Exoplanets are planets beyond our own solar system. Thousands have been discovered in the past two decades, mostly with NASA's Kepler space telescope.
These worlds come in a huge variety of sizes and orbits. Some are gigantic planets hugging close to their parent stars; others are icy, some rocky. NASA and other agencies are looking for a special kind of planet: one that’s the same size as Earth, orbiting a sun-like star in the habitable zone.
The habitable zone is the range of distances from a star where a planet’s temperature allows liquid water oceans, critical for life on Earth. The earliest definition of the zone was based on simple thermal equilibrium, but current calculations of the habitable zone include many other factors, including the greenhouse effect of a planet’s atmosphere. This makes the boundaries of a habitable zone "fuzzy."
While exoplanets were not confirmed until the 1990s, for years beforehand astronomers were convinced they were out there. That wasn’t just wishful thinking, but because of how slowly our own sun and other stars like it spin, University of British Columbia astrophysicist Jaymie Matthews told Space.com. Matthews, the mission scientist of occasional exoplanet telescope observer MOST (Microvariability and Oscillations of STars), was involved in some of the early exoplanet discoveries.
Astronomers had an origin story for our solar system. Simply put, a spinning cloud of gas and dust (called the protosolar nebula) collapsed under its own gravity and formed the sun and planets. As the cloud collapsed, conservation of angular momentum meant the soon-to-be-sun should have spun faster and faster. But, while the sun contains 99.8 percent of the solar system's mass, the planets have 96 percent of the angular momentum. Astronomers asked themselves why the sun rotates so slowly.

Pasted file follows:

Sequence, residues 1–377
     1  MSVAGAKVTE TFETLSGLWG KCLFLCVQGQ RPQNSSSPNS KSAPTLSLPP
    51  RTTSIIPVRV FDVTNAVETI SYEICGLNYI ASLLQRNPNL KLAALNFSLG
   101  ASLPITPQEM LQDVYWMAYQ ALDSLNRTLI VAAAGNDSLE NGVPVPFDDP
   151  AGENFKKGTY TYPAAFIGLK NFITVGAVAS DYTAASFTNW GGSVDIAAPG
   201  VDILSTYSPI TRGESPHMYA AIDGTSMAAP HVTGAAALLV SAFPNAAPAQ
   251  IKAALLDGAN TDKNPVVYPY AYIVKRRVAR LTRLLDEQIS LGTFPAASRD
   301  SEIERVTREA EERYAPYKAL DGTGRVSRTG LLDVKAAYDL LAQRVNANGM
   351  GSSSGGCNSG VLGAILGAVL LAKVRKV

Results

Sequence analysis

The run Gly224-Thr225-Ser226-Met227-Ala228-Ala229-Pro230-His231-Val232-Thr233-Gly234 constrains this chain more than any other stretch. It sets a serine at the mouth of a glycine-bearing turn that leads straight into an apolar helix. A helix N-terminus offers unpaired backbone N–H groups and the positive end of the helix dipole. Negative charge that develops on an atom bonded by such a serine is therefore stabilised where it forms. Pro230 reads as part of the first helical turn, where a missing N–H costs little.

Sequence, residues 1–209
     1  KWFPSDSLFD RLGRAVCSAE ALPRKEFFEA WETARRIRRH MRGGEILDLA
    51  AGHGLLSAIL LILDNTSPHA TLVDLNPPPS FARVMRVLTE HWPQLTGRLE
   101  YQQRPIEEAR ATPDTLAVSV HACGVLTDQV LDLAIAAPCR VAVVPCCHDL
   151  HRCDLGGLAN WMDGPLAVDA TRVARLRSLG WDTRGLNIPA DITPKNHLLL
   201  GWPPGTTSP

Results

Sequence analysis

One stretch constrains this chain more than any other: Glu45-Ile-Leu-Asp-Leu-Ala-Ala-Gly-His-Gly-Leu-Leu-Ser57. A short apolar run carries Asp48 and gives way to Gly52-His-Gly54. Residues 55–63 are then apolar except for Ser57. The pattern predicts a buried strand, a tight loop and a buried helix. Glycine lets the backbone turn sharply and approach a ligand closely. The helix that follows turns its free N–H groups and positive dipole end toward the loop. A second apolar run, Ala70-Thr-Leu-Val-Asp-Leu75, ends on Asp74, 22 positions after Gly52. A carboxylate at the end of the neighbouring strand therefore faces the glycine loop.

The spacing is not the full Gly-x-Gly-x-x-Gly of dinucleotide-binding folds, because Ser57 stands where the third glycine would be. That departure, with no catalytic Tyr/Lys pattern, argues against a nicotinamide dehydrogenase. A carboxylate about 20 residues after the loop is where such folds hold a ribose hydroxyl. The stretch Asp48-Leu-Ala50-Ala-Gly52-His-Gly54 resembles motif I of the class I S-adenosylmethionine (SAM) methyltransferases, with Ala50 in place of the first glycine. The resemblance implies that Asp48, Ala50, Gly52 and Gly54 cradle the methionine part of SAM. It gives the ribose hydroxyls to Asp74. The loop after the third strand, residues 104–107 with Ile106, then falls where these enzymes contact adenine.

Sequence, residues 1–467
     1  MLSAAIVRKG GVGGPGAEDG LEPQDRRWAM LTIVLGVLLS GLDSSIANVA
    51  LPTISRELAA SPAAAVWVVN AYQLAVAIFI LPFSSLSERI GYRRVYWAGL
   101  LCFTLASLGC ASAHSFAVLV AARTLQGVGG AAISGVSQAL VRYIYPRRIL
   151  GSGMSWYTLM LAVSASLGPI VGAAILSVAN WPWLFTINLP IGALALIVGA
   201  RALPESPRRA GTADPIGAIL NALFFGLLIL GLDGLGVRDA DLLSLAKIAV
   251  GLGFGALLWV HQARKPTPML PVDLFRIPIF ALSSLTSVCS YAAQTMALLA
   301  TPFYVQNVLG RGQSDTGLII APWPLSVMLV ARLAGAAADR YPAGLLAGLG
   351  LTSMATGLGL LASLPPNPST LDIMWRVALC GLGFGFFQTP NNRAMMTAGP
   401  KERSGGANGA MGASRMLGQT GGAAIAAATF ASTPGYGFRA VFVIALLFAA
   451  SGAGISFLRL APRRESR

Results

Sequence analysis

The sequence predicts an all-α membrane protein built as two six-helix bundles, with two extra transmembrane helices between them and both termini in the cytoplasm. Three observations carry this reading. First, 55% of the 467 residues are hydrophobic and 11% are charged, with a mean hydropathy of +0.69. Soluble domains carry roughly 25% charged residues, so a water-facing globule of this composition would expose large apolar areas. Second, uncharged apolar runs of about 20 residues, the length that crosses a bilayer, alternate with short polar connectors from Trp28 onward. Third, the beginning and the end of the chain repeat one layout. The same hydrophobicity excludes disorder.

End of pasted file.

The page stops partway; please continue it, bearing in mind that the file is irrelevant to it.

The young sun would have had a very strong magnetic field, whose lines of force reached out into the disk of swirling gas from which the planets would form. These field lines connected with the charged particles in the gas, and acted like anchors, slowing down the spin of the forming sun and spinning up the gas that would eventually turn into the planets. Most stars like the sun rotate slowly, so astronomers inferred that the same “magnetic braking” occurred for them, meaning that planet formation must have occurred for them. The implication: Planets must be common around sun-like stars.
For this reason and others, astronomers at first restricted their search for exoplanets to stars similar to the sun, but the first two discoveries were around a pulsar (rapidly spinning corpse of a star that died as a supernova) called PSR 1257+12, in 1992. The first confirmed discovery of a world orbiting a sun-like star, in 1995, was 51 Pegasi b — a Jupiter-mass planet 20 times closer to its sun than we are to ours. That was a surprise. But another oddity popped up seven years earlier that hinted at the wealth of exoplanets to come.
A Canadian team discovered a Jupiter-size planet around Gamma Cephei in 1988, but because its orbit was much smaller than Jupiter’s, the scientists did not claim a definitive planet detection. “We weren’t expecting planets like that. It was different enough from a planet in our own solar system that they were cautious," Matthews said.
Explosion of data
Most of the first exoplanet discoveries were huge Jupiter-size (or larger) gas giants orbiting close to their parent stars. That's because astronomers were relying on the radial velocity technique, which measures how much a star “wobbles” when a planet or planets orbit it. These large planets close in produce a correspondingly big effect on their parent star, causing an easier-to-detect wobble.
Before the era of exoplanet discoveries, instruments could only measure stellar motions down to a kilometer per second, too imprecise to detect a wobble due to a planet. Now, some instruments can measure velocities as low as a centimeter per second, according to Matthews. “Partly due to better instrumentation, but also because astronomers are now more experienced in teasing subtle signals out of the data.”